How big data can affect your bank account – and life


Courtesy of Aisling McMahon, National University of Ireland Maynooth; Alena Buyx, Technical University of Munich, and Barbara Prainsack, Universität Wien

Mustafa loves good coffee. In his free time, he often browses high-end coffee machines that he cannot currently afford but is saving for. One day, travelling to a friend’s wedding abroad, he gets to sit next to another friend on the plane. When Mustafa complains about how much he paid for his ticket, it turns out that his friend paid less than half of what he paid, even though they booked around the same time.

He looks into possible reasons for this and concludes that it must be related to his browsing of expensive coffee machines and equipment. He is very angry about this and complains to the airline, who send him a lukewarm apology that refers to personalised pricing models. Mustafa feels that this is unfair but does not challenge it. Pursuing it any further would cost him time and money.

This story – which is hypothetical, but can and does occur – demonstrates the potential for people to be harmed by data use in the current “big data” era. Big data analytics involves using large amounts of data from many sources which are linked and analysed to find patterns that help to predict human behaviour. Such analysis, even when perfectly legal, can harm people.

Mustafa, for example, has likely been affected by personalised pricing practices whereby his search for high-end coffee machines has been used to make certain assumptions about his willingness to pay or buying power. This in turn may have led to his higher priced airfare. While this has not resulted in serious harm in Mustafa’s case, instances of serious emotional and financial harm are, unfortunately, not rare, including the denial of mortgages for individuals and risks to a person’s general credit worthiness based on associations with other individuals. This might happen if an individual shares some similar characteristics to other individuals who have poor repayment histories.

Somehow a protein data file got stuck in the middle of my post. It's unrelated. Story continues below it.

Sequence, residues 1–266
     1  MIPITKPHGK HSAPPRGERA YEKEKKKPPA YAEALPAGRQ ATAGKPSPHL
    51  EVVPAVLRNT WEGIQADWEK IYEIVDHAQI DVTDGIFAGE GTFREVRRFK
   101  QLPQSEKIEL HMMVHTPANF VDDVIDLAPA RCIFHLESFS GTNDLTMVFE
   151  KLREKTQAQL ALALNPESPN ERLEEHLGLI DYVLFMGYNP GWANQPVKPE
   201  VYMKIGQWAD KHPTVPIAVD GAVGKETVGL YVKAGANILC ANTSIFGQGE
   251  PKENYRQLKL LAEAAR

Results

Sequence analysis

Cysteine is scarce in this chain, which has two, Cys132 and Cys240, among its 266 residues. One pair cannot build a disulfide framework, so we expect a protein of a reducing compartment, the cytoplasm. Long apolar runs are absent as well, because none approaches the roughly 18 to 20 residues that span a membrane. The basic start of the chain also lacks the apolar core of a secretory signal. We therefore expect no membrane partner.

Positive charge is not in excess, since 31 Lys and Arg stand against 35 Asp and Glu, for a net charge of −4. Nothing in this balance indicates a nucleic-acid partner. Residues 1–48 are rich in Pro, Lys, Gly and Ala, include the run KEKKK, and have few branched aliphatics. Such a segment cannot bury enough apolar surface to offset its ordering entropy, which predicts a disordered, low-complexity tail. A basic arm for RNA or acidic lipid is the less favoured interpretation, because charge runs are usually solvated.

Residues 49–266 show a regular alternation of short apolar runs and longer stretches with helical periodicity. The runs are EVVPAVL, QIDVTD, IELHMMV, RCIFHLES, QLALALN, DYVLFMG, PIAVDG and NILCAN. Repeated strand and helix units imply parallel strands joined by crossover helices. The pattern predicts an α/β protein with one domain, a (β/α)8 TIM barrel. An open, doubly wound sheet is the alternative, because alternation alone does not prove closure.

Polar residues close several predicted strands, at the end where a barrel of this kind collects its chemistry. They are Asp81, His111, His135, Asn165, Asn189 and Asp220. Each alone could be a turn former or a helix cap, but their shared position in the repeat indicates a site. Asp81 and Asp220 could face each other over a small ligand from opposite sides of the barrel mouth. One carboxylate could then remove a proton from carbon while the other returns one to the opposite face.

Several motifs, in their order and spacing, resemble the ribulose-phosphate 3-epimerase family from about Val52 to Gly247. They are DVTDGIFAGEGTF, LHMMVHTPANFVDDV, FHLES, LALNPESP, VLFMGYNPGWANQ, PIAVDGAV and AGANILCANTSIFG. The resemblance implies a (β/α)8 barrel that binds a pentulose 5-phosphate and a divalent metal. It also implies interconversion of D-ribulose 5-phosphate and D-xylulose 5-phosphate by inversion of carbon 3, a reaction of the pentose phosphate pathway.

Instances of emotional harm can also occur. Imagine a couple who find out they are expecting a much wanted child, but suffer a miscarriage at five months. The couple may find they continue to receive advertisements from shops specialising in infant products months later, celebrating which should have been key “milestones”, causing distress. This is another hypothetical but entirely possible scenario.

The law – or lack of it

In many of these cases, because the harmful practice may not have broken any laws, those who were harmed by data use have limited or no legal options open to them. What happened to Mustafa, for example, was perfectly legal, as there are no current laws forbidding personalised pricing as such. Our current legal systems do not adequately protect people from the harms emerging from big data.

This is because it is very difficult to trace how our data is linked and used. Even if the airline company had done something unlawful, such as broken data protection laws, it would be near impossible for Mustafa to find out. People who feel they have been harmed by data use may struggle to show how their data has been used to cause this harm, which data was involved or which data controller used it. And so they may lack the proof they’d need to get a legal remedy.